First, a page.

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The most egregious examples of police misconduct in Alberta
A new database compiles hundreds of cases from 1993-2022. I looked at some of the worst
On Tuesday, an Edmonton-based group of researchers released a searchable database of nearly 400 cases of police misconduct over a 30-year span, the first of its kind in Canada.
The bulk of the cases documented involve Edmonton Police Service (EPS) officers, but there are incidents involving Calgary, Medicine Hat, Camrose and Lethbridge cops, as well as sheriffs and correctional officers.
The Globe and Mail’s Alanna Smith reports:
Hundreds of officers are named in the database, some with multiple incidents noted under their names and badge numbers. The project took nearly two years to complete with data compiled through publicly available information, such as newspaper articles, CanLII (Canadian Legal Information Institute) decisions, disciplinary hearings, in addition to documents obtained through Freedom of Information legislation. All entries are vetted by a six-person board with expertise in law, social justice and police reform.
“We’re just scratching the surface of misconduct in this province,” paralegal Devyn Ens, who spearheaded the project, told the Globe, adding that the database will include RCMP officers in the near future.
After spending the better part of a day poring through the database, I’ve selected some of the more egregious cases that popped out to me.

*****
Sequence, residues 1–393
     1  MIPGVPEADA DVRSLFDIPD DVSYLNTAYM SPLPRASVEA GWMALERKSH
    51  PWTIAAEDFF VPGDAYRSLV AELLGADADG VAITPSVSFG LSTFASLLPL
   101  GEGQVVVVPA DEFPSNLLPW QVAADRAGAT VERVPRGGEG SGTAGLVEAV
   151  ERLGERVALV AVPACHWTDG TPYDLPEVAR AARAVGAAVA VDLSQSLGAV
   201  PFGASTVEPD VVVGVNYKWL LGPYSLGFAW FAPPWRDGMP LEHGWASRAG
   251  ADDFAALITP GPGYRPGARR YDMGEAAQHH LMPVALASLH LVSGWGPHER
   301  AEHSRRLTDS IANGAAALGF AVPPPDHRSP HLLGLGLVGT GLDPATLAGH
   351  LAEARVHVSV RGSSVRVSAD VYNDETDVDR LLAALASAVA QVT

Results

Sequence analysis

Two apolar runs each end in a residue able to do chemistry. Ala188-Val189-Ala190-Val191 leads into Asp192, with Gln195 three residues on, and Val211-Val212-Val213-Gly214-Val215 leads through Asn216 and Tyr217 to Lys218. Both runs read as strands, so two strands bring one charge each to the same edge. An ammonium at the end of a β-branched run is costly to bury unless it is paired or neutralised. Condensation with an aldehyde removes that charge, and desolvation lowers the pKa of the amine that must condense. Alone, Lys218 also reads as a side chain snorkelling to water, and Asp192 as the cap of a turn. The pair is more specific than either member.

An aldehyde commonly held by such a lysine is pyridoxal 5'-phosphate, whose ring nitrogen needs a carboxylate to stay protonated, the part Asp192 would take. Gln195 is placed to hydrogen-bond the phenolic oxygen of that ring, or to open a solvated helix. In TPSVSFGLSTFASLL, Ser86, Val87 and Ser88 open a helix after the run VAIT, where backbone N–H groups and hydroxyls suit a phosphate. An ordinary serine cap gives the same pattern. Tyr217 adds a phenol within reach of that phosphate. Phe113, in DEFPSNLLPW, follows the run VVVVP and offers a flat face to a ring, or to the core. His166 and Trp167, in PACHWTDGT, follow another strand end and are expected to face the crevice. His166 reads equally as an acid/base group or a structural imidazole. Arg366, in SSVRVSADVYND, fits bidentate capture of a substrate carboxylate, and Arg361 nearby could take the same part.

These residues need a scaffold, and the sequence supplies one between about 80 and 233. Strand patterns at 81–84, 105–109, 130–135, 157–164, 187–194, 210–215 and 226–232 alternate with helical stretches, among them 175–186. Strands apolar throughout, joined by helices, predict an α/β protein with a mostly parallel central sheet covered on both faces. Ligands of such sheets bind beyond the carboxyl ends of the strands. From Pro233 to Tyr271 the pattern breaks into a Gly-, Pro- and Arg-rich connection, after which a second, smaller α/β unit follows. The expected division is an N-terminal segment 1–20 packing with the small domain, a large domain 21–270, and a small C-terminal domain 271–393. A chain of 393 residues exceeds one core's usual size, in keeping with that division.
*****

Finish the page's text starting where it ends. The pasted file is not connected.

For the purposes of this piece, I’ve only included complaints resulting in convictions, whether criminal or disciplinary. I excluded Calgary city councillor and former Calgary cop Sean Chu’s sexual misconduct with a minor, as I’ve already covered it here.
The notorious “sweat box” incident
Two Edmonton cops were found guilty in November 2010 of insubordination and discreditable conduct for rounding up unhoused people and dumping them on the other side of the city.
Constables Patrick Hannas and Lael Sauter were convicted of these Police Act charges at a disciplinary hearing for the incident that occurred in 2005. Another officer who had been charged, Const. Graham Blackburn, was found to have just been in the vehicle at the same time, and was acquitted. None faced criminal charges.
Hannas and Sauter picked up nine unhoused Indigenous people on Whyte Avenue and locked them together in a crowded, sweaty van for 90 minutes before leaving them at a parking lot in the city’s north end.
Calgary police Insp. Paul Manuel, who presided over the disciplinary hearing, rejected the view that the incident was racially-motivated, arguing the officers were concerned for the well-being of the people they rounded up at random. But he did agree it brought the EPS into disrepute.
Alex Dunn’s history of misconduct
Calgary Police Service (CPS) Const. Dunn made international news in December 2020 when he was convicted of assault for slamming a Black woman, Dalia Kafi, to the floor face-first at a police station in a 2017 incident, which provincial court Judge Michelle Christopher called an “egregious mistake” before handing him a 30-day conditional sentence.
Since his conviction, Dunn has been suspended without pay, but racial justice activists are calling for him to simply be fired.
CBC News unearthed a photo of Dunn in blackface from a 2012 party, where he dressed as rapper Lil John, for which Dunn remains under investigation by the CPS.